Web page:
Tell God

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Tell God
The house is serene;
cigarette smoke dances over my head,
over the hole-riddled, burnt, yellowed tablecloth.
My eyes drift up to see
the tiniest spider crawling the walls,
exploring all the crevices in this house
old as stone.


Outside, the porch lies in patchy sunshine.
I tiptoe out
to where the trains
roar their industrial songs,
and the birds chirp in harmony –
a melodic tune.


I run past to the peach tree,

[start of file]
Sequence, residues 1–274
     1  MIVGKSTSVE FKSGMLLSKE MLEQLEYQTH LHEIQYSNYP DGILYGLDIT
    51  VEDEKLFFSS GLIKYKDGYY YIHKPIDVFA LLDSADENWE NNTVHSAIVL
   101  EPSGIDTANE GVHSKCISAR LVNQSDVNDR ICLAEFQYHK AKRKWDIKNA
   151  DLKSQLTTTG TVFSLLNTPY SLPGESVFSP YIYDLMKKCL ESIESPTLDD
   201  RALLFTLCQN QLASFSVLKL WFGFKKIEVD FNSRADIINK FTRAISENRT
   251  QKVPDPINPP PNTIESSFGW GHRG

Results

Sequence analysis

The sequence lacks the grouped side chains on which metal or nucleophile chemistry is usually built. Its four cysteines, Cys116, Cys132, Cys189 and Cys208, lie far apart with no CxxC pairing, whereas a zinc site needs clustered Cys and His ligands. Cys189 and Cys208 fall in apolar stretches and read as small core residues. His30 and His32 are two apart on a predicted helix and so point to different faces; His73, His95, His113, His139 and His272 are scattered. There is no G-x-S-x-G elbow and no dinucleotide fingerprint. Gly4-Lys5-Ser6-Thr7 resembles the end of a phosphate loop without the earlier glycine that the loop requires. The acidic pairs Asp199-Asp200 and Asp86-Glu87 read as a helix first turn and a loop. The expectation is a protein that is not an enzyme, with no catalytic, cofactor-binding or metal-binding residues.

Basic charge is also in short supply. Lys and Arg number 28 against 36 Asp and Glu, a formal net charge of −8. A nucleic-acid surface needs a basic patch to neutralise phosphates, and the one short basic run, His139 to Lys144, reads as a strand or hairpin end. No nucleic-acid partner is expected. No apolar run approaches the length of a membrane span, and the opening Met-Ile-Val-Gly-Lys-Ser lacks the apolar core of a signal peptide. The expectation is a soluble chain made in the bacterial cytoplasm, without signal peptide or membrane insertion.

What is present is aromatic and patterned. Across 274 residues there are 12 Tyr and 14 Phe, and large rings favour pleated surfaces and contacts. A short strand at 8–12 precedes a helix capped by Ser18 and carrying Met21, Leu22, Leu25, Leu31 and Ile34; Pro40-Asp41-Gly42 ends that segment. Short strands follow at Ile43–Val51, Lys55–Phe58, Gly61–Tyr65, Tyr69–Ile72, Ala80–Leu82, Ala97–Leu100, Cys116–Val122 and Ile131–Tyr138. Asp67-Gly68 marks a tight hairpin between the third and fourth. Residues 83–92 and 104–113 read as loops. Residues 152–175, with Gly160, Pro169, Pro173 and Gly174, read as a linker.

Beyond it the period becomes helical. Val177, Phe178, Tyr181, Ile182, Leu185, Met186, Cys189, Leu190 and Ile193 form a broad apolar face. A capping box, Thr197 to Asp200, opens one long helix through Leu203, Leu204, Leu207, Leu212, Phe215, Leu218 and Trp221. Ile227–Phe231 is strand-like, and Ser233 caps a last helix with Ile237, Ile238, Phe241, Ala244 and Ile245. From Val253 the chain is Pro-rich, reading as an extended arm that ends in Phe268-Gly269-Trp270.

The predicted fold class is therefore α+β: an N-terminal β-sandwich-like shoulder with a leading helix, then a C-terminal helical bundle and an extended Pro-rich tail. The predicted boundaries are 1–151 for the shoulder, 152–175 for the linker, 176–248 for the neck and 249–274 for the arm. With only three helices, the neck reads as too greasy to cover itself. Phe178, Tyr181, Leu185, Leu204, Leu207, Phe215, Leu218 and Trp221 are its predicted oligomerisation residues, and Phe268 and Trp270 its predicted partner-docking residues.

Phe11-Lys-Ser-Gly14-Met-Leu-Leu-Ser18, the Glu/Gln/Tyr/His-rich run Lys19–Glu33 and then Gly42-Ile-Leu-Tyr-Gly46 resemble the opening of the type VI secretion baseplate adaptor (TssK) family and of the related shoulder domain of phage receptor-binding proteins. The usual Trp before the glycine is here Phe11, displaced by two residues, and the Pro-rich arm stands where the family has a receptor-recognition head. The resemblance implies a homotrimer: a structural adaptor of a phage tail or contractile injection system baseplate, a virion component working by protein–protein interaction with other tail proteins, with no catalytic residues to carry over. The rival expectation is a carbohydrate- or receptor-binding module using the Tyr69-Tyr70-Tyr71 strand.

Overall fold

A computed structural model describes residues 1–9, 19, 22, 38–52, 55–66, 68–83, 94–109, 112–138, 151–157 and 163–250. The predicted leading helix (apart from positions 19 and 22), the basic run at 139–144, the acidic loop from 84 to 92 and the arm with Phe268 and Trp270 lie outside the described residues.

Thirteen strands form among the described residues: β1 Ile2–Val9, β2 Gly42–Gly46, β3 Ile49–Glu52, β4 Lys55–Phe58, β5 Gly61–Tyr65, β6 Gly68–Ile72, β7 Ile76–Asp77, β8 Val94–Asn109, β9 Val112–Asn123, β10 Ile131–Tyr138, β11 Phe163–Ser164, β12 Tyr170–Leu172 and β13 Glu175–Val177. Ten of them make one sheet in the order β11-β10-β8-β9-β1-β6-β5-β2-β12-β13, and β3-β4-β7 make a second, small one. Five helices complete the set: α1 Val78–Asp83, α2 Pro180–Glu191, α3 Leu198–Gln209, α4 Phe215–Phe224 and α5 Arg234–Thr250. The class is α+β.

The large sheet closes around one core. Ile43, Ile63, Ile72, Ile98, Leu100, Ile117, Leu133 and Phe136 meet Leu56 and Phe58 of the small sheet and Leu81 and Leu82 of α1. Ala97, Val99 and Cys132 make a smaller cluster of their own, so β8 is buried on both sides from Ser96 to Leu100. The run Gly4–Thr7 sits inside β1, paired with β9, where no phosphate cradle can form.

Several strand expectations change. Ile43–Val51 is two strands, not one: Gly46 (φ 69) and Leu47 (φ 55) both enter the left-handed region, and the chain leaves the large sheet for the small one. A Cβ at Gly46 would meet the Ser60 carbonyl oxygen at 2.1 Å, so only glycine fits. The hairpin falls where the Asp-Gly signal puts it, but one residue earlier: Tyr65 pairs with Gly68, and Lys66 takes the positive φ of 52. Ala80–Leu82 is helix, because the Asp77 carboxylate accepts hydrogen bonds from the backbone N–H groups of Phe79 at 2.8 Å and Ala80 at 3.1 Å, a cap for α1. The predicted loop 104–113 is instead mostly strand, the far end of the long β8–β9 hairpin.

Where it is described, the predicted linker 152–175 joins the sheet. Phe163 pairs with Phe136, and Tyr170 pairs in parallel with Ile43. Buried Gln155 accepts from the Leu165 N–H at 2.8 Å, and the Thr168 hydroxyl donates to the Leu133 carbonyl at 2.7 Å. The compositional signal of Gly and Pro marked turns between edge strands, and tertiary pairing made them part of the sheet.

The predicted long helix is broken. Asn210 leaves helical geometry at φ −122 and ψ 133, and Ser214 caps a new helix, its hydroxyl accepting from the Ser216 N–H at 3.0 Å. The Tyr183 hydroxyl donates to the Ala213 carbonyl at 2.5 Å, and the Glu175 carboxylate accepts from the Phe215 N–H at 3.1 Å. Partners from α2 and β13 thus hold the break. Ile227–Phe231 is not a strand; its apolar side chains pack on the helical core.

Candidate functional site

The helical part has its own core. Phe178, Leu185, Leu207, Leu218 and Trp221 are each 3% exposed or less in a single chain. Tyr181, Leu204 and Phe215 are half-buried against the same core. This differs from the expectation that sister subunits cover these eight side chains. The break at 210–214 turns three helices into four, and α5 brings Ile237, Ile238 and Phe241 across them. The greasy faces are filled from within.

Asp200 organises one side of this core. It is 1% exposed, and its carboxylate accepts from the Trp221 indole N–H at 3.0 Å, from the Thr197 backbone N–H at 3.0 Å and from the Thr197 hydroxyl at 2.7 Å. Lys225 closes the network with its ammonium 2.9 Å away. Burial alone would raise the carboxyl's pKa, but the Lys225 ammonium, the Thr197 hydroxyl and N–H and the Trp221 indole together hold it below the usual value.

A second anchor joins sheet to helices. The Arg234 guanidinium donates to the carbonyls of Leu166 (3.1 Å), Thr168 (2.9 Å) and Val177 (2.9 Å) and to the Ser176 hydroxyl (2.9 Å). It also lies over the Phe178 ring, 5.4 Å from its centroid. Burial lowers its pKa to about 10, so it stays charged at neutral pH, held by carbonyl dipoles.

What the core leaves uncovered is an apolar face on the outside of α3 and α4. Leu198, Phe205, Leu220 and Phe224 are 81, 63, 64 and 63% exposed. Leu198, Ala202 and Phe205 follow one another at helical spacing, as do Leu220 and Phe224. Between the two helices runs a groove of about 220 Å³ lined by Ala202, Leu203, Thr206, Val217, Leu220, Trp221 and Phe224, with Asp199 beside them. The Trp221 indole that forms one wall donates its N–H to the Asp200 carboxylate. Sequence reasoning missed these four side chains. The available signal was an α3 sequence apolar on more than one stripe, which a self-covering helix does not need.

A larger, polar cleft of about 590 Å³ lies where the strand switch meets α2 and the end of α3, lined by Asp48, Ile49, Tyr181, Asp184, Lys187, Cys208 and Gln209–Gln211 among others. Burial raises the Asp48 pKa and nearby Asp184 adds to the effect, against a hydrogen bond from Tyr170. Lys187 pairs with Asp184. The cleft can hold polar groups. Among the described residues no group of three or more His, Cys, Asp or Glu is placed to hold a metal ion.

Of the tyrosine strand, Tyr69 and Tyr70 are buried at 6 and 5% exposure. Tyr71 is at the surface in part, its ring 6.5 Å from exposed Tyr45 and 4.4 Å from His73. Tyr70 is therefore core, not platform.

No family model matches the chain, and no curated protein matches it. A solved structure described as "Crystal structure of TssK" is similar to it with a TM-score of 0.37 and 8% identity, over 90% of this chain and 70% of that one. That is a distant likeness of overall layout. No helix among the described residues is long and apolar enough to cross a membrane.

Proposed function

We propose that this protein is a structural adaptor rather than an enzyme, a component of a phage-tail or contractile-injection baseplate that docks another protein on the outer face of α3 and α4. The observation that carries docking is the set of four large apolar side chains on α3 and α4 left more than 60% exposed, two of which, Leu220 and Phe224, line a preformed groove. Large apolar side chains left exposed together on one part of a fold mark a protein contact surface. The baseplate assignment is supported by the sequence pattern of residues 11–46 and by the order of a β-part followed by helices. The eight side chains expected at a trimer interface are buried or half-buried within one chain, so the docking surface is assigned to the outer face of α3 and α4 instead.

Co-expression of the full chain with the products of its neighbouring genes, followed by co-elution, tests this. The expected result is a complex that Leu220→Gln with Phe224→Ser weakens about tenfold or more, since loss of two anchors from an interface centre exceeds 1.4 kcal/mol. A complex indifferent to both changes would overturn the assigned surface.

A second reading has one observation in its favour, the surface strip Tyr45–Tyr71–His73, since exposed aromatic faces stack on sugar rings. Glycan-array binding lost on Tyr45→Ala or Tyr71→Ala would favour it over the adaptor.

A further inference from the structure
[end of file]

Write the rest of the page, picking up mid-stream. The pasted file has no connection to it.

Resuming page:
past the sycamores and elms,
over the garden thriving with rosebuds
with their sweet perfume dusting the yard.


At last, I find my tree.
Hugging its bark like an old friend,
as though it could love me back,
I scale it all the way to its top branches,
the ones that could almost caress the sky.
I put my lips to the tree.
“Little tree,”
I whisper,
“Tell God that I love my grandmother.
Let her stay here and love me a long, long time.
I love her.”
The tree cries with me.





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